Watch What You Say

In college, I studied psychology.  I won’t get into my disappointment in the lack of clinical experience in the program or the fact that I learned more from the elective classes I took than the required ones for my degree.  What I will say is that hand’s down, the class that stuck with me the most was one of those electives.  It was a counseling and educational psychology course taught by a man who worked tirelessly as a disability advocate.  He worked with the state government, with the Special Olmpics, with more groups than I will ever hope to remember.  He had a wife and family, taught at the university, and he had cerebral palsy.

I was very deliberate in the way I worded the description about him.  It’s one of the lessons I learned in his class.  It might seem like a minor thing to be described as a blind person, or a gay person, or a white person.  None of those are bad things.  But it puts an emphasis on that descriptor.  It puts being blind or gay or white above being a person. Above what someone has accomplished in how ever many years he or she has been on earth.  Is it nit-picky and politically correct to worry about such nuances in the language we use?  Maybe.  But if you’re someone who spends your whole life being defined by those adjectives, maybe it makes a difference.

who are you question

Maybe we should acknowledge people for their accomplishments first.  Put yourself in someone else’s shoes.  Would you rather be viewed as a teacher who happens to be blind? Or “that blind guy who teaches”?  Would you rather be a writer who’s a lesbian or “a lesbian writer”.

In that class I met a woman.  An incredible, brilliant, hard-working woman who is a lawyer, has a fantastic husband, and a family.  She also was born without arms or legs.  Now, which do you think she’d rather be known for?  Her accomplishments? Her family? Or the fact that in utero her body developed differently.  There’s no denying that what she’s accomplished is extraordinary. And her disability makes it that much more impressive.  But it shouldn’t define her as a person.  Although it’s shaped her life considerably, it’s only one aspect of who she is.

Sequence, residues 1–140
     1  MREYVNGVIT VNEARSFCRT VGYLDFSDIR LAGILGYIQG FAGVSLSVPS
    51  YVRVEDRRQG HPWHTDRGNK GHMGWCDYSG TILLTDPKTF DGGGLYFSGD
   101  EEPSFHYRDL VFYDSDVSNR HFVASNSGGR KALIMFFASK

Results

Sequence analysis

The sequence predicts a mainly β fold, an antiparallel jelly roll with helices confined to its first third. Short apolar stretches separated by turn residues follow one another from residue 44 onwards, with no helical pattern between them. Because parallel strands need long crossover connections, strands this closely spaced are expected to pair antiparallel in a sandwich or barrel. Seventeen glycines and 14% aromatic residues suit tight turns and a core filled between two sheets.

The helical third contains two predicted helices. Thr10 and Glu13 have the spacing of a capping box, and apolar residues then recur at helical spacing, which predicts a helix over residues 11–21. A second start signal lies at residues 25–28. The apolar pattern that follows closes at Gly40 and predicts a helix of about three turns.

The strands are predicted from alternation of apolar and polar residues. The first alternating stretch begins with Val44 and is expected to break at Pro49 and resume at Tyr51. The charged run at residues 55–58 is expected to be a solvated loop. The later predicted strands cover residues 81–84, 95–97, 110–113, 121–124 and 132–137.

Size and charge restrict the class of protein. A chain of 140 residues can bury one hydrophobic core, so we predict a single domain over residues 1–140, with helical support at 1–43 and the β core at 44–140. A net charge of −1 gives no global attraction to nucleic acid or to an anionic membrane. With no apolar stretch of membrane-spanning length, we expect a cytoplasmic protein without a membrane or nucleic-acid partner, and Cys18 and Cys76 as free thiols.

To be frank, it gets clunky and awkward sometimes when I try to watch how I describe people. I get it wrong. I screw it up, I forget, I get lazy.  But I try to keep it in mind and do my best because it does matter.  At heart, we all want to be known for who we are as a person, for what we’ve accomplished.  Not for the aspects of ourselves that we were born into.

I’m a writer. I’m a woman. I’m bisexual. I’m a person.

Who are you?

And how do you want to be defined?

Bisexual Visibility Day – Feeling Like I Don’t Fit

It’s funny, I’ve had this half-finished blog post sitting in my drafts for months.  It never felt like quite the right time to post it.  Even though it’s Bisexual Visibility Day, I still hesitated to write a blog post about it.  And why is that?

The very reason I should blog about it is the reason I hesitate.

I don’t feel like I fit anywhere. I don’t feel like I have an identity.

I hate that. I know I’m letting other people’s views of me color who I am and how I behave.  That’s not me.  But I’m human.  I have doubts,  I second-guess myself.

I live in a world where some people honestly believe that bisexuals don’t exist.  They think it’s a phase, or something that people grow out of.  They think that by marrying a man, my bisexuality no longer exists.

And although I know better, on some level, those thoughts are internalized.

But choosing to marry my husband doesn’t negate my previous relationship with a woman.  It doesn’t negate how much she meant to me or how devastated I was when our relationship ended.  It doesn’t change the fact that I am still attracted to women.  That if, perish the thought, my husband were no longer around, I might fall in love with a woman again.

Why is so hard to believe that we human beings are capable of a broad range of emotions? Why is it difficult to believe that gender isn’t the most crucial part of attraction for some of us?

I don’t have the answers.  I don’t have the magic words to explain it to people.

I do think this video does an excellent job summing up many of the frustrations I have while educating in a humorous way.

I guess when it comes right down to it, I’m a work in progress.  I’m still learning about myself, I’m still discovering my identity.  Sometimes I think pansexual might be a better term for who I am and how I feel, but that’s a post for another day.

There will be days when I don’t feel like I fit.  Days where I resent having to label myself at all. And days where I know I’m part of a much larger community.  One who supports me, encourages me, makes me feel welcome.  One who embraces me for being me.

Today is the latter and I’m grateful for that.

So speak up.  Be proud of who you are.  And know you’re not alone.